Music Reviews
Excellent Italian Greyhound

Shellac Excellent Italian Greyhound

(Touch & Go) Buy it from Insound Rating - 8/10

Shellac is a band that truly exists in a vacuum. There are many reasons for this but it seems to me that it's primarily because its fearless leader, Steve Albini, doesn't need Shellac nearly as much as its devoted fans do. Like Jack Nicholson in A Few Good Men, we need Albini "on that wall" to protect the last bastion of indie rock that will never appear in a Zach Braff movie or be bastardized in a car commercial. Mostly, though, we need him as living proof that just because you're white, nerdy, and pissed, it doesn't mean you can't make kick-ass records.

On Excellent Italian Greyhound, only the band's second release of the decade, the sound remains unmistakably Shellac: guttural, sarcastic, and chock-full of anger. On second thought, perhaps the real reason Shellac is impervious to criticism that they seem content to put out the same record every five years. To Shellac fans, this is just reinforces the notion that these guy are above current trends and care little about selling a product. That said, this is not the strongest of their four full-length albums. Tracks like "Kittypants" and "Spoke" sound more like Pixies outtakes and frankly make you wonder if they're really two of the best nine songs that band could put together in seven years. "Genuine Lulabelle" clocks in at 9:17, a good chunk of which consists of Albini's semi-drunken rants ("Everybody party...party haaaard"). I was actually surprised such a creepy, indulgent moment took so long to surface on a Shellac record, so in a way, it was kind of refreshing. From the joyously sarcastic opener "The End of Radio", the ominous "Paco" , and the nifty guitar work on "Be Prepared", the rest of the album delivers that great punch-in the-gut we've come to expect from the trio.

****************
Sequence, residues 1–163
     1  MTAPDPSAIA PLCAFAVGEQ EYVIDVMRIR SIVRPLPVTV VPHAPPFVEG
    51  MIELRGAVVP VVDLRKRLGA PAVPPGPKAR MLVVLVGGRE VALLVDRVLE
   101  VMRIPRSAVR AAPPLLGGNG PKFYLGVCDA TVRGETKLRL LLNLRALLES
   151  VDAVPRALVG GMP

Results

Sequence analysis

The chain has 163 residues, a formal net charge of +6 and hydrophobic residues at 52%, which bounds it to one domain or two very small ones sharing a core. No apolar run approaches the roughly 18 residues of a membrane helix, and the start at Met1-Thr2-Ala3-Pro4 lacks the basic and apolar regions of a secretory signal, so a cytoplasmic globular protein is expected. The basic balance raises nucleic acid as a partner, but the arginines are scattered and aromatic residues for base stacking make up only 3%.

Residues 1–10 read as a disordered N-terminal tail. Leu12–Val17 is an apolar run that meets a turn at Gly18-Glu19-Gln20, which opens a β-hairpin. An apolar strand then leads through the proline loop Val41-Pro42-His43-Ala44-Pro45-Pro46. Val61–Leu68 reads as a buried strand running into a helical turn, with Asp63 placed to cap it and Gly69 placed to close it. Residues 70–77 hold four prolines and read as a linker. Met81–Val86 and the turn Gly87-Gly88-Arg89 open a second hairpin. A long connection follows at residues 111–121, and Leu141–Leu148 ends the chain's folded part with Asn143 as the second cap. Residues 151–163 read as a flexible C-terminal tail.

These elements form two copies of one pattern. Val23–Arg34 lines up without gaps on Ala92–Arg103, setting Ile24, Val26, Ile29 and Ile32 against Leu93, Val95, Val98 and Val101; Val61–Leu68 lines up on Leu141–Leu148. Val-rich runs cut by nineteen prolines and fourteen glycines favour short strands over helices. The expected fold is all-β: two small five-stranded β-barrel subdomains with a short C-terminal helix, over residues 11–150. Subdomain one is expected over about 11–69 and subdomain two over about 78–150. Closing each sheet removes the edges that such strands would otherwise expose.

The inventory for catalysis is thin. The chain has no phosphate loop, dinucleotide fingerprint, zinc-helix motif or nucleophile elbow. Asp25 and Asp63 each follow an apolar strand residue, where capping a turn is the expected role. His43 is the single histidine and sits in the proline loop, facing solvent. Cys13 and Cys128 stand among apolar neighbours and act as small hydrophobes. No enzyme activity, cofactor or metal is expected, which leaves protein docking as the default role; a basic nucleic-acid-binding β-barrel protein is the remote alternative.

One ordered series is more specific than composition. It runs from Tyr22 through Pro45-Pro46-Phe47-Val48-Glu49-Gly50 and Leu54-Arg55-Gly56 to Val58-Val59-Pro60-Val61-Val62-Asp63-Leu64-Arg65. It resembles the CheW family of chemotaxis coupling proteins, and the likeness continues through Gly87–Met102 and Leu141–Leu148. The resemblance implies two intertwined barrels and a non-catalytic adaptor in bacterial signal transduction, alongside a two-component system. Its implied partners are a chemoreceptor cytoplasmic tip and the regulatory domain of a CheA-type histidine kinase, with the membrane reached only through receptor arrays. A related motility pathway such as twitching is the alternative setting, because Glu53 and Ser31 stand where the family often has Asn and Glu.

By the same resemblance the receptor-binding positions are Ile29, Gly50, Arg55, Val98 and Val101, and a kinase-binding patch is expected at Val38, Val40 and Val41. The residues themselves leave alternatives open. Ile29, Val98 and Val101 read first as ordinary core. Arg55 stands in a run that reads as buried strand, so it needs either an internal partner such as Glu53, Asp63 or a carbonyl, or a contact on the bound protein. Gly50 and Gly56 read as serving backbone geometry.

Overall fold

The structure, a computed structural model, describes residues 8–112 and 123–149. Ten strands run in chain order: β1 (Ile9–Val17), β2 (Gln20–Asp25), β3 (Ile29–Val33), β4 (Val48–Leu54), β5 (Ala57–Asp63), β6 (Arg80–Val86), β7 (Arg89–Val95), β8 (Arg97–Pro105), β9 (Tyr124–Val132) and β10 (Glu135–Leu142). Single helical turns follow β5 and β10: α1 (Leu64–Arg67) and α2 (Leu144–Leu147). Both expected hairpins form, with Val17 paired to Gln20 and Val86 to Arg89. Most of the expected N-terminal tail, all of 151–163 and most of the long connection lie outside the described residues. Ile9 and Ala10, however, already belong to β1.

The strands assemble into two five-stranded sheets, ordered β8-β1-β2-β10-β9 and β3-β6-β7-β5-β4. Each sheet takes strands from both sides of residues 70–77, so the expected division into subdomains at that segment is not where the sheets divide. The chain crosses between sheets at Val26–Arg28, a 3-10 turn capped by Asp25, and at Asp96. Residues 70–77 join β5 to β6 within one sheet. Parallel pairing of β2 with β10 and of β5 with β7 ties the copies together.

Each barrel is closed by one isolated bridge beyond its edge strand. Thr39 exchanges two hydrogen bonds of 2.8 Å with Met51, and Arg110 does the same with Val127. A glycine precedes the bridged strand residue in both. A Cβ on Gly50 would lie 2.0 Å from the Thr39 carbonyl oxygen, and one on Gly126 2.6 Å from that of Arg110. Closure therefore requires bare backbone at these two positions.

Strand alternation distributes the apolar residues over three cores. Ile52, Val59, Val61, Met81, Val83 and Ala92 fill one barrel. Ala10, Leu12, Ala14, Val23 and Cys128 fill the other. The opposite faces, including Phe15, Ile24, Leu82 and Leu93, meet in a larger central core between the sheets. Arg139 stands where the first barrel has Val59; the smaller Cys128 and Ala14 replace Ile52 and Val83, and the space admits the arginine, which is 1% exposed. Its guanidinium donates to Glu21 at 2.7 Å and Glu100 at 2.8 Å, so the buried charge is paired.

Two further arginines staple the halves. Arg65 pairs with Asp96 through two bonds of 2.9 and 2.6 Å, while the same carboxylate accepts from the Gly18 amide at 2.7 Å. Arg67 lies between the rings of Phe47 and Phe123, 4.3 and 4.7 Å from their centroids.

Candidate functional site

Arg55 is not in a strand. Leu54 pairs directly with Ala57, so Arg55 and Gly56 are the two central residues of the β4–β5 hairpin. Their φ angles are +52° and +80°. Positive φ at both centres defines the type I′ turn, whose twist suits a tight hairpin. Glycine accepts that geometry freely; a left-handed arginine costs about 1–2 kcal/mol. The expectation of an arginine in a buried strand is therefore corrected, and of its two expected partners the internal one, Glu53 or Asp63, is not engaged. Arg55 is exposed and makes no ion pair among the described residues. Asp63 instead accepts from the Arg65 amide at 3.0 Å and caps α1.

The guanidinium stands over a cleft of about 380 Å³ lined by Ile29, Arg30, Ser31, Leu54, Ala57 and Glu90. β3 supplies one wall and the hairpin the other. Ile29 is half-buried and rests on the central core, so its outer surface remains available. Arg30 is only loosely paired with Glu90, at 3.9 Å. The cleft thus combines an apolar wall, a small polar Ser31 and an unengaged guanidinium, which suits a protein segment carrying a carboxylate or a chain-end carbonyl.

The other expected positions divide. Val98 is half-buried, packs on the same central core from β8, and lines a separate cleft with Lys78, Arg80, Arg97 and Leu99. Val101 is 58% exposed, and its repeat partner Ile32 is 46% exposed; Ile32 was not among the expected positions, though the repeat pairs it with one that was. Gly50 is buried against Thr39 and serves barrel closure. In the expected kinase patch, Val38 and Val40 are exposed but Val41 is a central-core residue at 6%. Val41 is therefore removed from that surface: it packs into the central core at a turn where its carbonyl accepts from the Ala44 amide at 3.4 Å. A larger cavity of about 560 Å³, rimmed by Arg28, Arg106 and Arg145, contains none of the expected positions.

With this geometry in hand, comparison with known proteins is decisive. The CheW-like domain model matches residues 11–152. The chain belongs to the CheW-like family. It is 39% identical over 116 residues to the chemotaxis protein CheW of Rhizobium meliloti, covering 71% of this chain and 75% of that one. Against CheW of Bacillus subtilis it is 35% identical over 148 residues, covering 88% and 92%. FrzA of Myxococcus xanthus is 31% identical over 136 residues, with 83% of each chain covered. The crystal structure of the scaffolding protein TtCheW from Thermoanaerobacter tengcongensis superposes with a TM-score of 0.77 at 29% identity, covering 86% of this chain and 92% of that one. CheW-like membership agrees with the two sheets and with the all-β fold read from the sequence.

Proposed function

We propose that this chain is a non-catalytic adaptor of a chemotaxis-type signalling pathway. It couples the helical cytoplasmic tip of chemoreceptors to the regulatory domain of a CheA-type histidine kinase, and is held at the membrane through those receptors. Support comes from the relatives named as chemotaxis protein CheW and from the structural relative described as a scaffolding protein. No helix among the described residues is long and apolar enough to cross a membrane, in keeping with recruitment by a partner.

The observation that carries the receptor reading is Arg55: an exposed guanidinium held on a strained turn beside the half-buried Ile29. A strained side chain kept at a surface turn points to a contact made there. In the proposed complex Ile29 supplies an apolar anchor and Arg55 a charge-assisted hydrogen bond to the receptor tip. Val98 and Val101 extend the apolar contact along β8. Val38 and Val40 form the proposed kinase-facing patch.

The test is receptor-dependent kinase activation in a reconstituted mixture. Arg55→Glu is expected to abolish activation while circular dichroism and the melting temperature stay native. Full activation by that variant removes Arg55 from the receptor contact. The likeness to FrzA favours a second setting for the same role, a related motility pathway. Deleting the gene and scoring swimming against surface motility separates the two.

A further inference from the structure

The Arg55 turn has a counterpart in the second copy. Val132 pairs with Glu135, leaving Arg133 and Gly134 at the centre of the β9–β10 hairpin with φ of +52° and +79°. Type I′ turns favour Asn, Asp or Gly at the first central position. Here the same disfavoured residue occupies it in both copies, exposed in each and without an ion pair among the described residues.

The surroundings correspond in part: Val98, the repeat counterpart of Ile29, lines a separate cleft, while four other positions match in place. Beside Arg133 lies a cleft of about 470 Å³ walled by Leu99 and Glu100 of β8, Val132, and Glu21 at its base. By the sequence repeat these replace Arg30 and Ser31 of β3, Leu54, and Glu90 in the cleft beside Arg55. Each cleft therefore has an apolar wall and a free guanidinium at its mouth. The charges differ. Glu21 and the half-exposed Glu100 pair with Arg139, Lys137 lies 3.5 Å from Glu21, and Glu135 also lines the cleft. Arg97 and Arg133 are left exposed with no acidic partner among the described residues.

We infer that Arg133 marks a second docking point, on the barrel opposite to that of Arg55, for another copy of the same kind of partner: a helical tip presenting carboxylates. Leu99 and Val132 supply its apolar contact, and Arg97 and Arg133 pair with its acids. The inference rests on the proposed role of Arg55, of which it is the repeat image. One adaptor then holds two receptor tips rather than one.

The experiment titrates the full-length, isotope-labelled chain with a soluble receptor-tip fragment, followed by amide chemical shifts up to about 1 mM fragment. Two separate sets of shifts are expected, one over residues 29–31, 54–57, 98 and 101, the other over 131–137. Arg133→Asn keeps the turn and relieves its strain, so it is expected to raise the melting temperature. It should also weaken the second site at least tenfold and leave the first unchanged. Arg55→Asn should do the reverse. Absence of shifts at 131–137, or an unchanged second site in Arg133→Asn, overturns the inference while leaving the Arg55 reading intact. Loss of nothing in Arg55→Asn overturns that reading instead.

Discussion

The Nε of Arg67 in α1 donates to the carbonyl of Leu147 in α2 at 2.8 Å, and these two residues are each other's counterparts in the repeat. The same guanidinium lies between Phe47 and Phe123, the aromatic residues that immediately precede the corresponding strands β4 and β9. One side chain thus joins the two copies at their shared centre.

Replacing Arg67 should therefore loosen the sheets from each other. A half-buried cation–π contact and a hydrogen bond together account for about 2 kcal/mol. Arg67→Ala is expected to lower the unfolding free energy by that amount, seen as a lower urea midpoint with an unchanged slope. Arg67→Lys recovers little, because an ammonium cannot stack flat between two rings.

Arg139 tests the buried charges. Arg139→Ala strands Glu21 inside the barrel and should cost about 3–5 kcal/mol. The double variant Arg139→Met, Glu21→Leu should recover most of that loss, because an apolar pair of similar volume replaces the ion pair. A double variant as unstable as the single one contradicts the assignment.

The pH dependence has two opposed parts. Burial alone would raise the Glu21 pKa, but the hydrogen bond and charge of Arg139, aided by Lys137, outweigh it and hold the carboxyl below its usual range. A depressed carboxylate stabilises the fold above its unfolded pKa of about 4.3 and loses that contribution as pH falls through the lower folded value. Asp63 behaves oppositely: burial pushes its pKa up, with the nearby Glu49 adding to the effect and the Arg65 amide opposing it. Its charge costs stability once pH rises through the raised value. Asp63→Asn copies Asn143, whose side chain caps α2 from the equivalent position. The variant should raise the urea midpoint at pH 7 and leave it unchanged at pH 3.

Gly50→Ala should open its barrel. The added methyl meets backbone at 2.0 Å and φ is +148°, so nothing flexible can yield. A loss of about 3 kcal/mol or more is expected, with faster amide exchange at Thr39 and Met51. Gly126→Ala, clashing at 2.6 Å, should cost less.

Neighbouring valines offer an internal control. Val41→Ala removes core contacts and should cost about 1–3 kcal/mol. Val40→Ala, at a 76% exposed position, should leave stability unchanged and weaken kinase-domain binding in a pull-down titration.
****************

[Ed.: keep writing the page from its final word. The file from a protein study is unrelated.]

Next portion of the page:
But let's face it, by now either you celebrate the band's full catalogue, or you'll never even know they exist. But then again, if you're even bothering to read a Shellac review, you're probably a newbie. If that's the case, go to your local vinyl monger (the CD is astutely included in LP jacket) and pick it up if only to giggle at the perfectly ridiculous cover art.

Post new comment

The content of this field is kept private and will not be shown publicly.